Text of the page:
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Archived: Swallowfields Care Centre

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Inspection report

Date of Inspection: 3 September 2013
Date of Publication: 8 October 2013
Inspection Report published 08 October 2013 PDF | 87.83 KB

People should be treated with respect, involved in discussions about their care and treatment and able to influence how the service is run (outcome 1)

Meeting this standard

We checked that people who use this service

  • Understand the care, treatment and support choices available to them.
  • Can express their views, so far as they are able to do so, and are involved in making decisions about their care, treatment and support.
  • Have their privacy, dignity and independence respected.
  • Have their views and experiences taken into account in the way the service is provided and delivered.

How this check was done

We looked at the personal care or treatment records of people who use the service, carried out a visit on 3 September 2013, observed how people were being cared for and talked with people who use the service. We talked with carers and / or family members and talked with staff.

Our judgement

People’s privacy, dignity and independence were respected.

Reasons for our judgement

People expressed their views and we involved in making decisions about their care and treatment.

We saw that staff held regular house meetings which enabled the people who lived at Swallowfields to have their say about how the service was run, discuss in-house activities and preferred social activities. People also met regularly with their keyworkers to discuss the care they received and any changes they would like to make. We saw from the notes of one of the house meetings that people had asked for a trip out to Portsmouth and for a sports day to be held at the centre. We were told by staff that both of these had taken place.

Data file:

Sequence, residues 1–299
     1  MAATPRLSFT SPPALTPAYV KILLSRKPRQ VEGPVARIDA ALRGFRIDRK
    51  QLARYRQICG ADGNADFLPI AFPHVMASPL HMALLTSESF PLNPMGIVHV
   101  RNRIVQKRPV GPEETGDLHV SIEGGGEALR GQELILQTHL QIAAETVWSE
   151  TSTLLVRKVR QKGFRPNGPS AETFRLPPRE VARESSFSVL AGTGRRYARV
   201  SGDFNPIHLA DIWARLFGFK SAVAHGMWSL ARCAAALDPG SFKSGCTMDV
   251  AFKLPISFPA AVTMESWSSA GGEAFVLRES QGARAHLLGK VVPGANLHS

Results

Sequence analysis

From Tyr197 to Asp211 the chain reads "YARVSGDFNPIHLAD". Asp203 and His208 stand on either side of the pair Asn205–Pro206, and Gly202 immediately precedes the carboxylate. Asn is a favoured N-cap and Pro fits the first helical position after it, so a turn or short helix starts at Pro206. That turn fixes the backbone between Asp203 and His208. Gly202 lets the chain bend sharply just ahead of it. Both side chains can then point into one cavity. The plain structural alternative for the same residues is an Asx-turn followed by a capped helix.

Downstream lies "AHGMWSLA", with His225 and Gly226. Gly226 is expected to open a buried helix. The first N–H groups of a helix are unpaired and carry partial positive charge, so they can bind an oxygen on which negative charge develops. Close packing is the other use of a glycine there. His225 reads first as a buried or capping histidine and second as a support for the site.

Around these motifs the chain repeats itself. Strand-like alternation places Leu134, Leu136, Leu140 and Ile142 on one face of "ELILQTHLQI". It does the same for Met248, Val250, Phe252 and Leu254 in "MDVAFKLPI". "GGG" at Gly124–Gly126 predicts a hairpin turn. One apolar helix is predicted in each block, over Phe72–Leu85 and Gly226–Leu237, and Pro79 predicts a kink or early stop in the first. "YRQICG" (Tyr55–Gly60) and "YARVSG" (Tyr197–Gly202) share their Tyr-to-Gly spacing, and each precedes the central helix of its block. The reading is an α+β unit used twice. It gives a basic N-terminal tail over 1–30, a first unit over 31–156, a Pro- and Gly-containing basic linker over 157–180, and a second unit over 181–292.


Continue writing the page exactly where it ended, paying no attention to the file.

People told us that each Monday they met to plan the menu for the week. We saw that the menu contained a choice of food for breakfast and a different meal each day. We also observed that one person each week was supported to type up the menu plan. The people that we spoke with told us about the menu planning and how they were involved. They told us the food was nice and they could choose what they wanted to each. One person said “”We have a weekly menu planner.” This meant that the provider ensured that they took people’s views into account.

Staff told us that they always ensured that people’s privacy and dignity was maintained when they provided personal care. We were told “I encourage them to wash themselves as much as they can.” We observed that the interaction between staff and people who used the service was positive and friendly. Staff were polite, professional and spoke to the people they supported in a respectful way. One person told us “The staff are nice, they speak to me nicely.” Staff also told us that they would respect a person’s wish to spend time alone in their room, but would check on them from time to ensure they were okay. This told us staff treated people in an appropriate way and recognised people’s need for privacy.

We saw that people regularly went shopping or to outside activities, such as swimming or college. On the day of our inspection we observed one person leave the centre with a member of staff to go shopping for a birthday present. Staff also encouraged people to maintain their independence and to involve themselves in the routines of the home. We observed photographs of each person undertaking different household tasks (such as helping to cook, cleaning the table or hovering) and saw that there was a rota for these tasks. The rota was displayed in a way that it was easy to understand. People who used the service told us that they managed their own laundry and helped to keep the home clean and tidy. This meant that people who used the service were supported in promoting their independence and community involvement.